On Thursday morning, the North Pole, as well as parts of Canada and the Russian Far East, experience the spectacle of an unusual annular solar eclipse at dawn, the first of two polar eclipses that will occur this year and that will create the so-called “ ring of Fire”.
A solar eclipse occurs when the Moon is between the Sun and the Earth, blocking sunlight and casting the lunar shadow on the Earth’s surface. In some cases, when the distance between the Earth and the Moon is adequate, the terrestrial satellite completely covers the circumference of our star, causing a total solar eclipse.
But in the case of Thursday’s eclipse, the Moon is in a moment of its orbit that keeps it further away from the Earth than normal, which will cause the satellite not to completely cover the solar surface and to produce the so-called spectacle of “ ring of fire ”, which will be visible at some points along the path of the phenomenon.
Around the silhouette of the Moon, in places like areas of the Canadian Arctic, you can see the outer edge of the Sun for what is called an annular solar eclipse, an unusual sight that was last visible from Canada in 1994. In the case of Thursday’s eclipse, the event will occur at sunrise, which is even rarer. In Iqaluit, the capital of the Canadian territory of Nunavut, in the Arctic, the eclipse will begin at 5.06 local time (9.06 GMT) and will reach its maximum splendor at 6.06 (10.06 GMT).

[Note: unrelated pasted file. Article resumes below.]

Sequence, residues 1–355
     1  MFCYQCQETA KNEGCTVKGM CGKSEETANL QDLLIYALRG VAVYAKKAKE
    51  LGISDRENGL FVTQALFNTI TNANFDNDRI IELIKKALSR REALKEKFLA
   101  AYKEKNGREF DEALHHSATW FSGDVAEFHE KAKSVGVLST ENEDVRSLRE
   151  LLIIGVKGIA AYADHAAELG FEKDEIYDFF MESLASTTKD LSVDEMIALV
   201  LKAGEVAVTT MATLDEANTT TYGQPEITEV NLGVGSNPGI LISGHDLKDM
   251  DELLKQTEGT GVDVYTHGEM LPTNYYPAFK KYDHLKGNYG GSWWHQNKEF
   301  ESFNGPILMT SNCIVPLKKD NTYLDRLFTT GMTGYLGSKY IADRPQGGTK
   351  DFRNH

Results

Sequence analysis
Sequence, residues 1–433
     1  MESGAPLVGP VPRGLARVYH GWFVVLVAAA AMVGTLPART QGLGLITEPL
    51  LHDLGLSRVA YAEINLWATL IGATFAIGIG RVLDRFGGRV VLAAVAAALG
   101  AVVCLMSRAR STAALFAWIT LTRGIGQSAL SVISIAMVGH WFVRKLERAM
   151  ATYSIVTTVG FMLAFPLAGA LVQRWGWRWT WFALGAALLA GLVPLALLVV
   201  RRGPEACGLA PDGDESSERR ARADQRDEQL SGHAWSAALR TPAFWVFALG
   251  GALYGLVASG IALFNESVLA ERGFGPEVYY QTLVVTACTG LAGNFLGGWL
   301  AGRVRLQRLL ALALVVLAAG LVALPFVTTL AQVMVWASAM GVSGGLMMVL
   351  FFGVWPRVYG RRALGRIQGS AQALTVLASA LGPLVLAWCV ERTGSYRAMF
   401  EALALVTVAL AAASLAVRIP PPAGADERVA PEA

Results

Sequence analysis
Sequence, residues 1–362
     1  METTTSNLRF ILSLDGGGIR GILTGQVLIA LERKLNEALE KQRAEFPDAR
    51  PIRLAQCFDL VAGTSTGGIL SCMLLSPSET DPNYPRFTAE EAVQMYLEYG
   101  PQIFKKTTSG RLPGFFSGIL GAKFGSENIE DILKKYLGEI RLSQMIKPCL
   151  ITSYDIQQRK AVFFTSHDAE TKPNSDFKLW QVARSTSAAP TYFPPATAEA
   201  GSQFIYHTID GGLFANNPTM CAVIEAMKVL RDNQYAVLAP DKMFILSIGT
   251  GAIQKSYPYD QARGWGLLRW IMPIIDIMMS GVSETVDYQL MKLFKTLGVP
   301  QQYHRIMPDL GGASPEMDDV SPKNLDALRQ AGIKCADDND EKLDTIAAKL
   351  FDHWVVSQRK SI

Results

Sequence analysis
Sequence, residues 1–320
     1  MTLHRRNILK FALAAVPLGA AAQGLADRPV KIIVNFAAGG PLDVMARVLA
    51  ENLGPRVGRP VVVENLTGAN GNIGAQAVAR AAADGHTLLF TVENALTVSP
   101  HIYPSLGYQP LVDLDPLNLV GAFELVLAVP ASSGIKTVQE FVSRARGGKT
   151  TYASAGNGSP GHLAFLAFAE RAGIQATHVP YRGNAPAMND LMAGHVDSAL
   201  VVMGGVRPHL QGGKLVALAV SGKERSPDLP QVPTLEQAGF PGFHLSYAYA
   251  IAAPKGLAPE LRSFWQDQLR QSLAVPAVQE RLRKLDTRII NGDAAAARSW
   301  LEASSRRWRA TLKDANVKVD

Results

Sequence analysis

On Thursday, the sunrise in Iqaluit will occur at 2.18 in the morning (6.18 GMT), so the inhabitants of the Arctic city will have no problem observing the eclipse in the early morning.
Iqaluit will also be the Canadian population where best to witness this eclipse since from that point, the Moon will cover 89% of the solar surface, according to data provided by the Canadian Space Agency, which will allow to observe the spectacular “ring of fire”.
In Toronto, the largest city in Canada and located 2,330 kilometers southwest of Iqaluit, the eclipse will begin just before sunrise, so the onset of the phenomenon will not be visible, and will reach its maximum point five minutes after the departure of the Sun, at 5.40 local time (9.40 GMT) At that time, from Toronto the Moon will cover 80% of the solar surface and the eclipse will only allow to see a small lower part of the Sun, which will create an image similar to horns or a smile.
The trajectory of the eclipse will begin in the southern part of the province of Ontario (Canada) and will continue northeast towards Iqaluit, will touch the extreme northwest of the island of Greenland, will cross the Arctic Ocean and will continue from there towards the extreme east Siberia already turned into a sunset eclipse. In parts of Europe, the eclipse will be seen partially around noon.
In large Canadian cities such as Toronto or Ottawa, where the eclipse will also cover 80% of the Sun, the main problem in observing the eclipse will be the weather conditions and finding a place without obstacles that allows observing the horizon where the star will rise. In places like Iqaluit, where the buildings are low and there are no natural obstacles like mountains blocking the view of the horizon, the image will be spectacular.
As with all eclipses, experts warn that looking directly at the conjunction of celestial bodies during the alignment process is dangerous because the sun’s rays can damage vision. And sunglasses are not safe because even the darkest ones let through thousands of times the light considered recommended.
The best way to enjoy the eclipse, if you don’t have a certified solar filter or eclipse viewer, is to pass sunlight through a small hole and project it onto a white surface.
News that is being updated.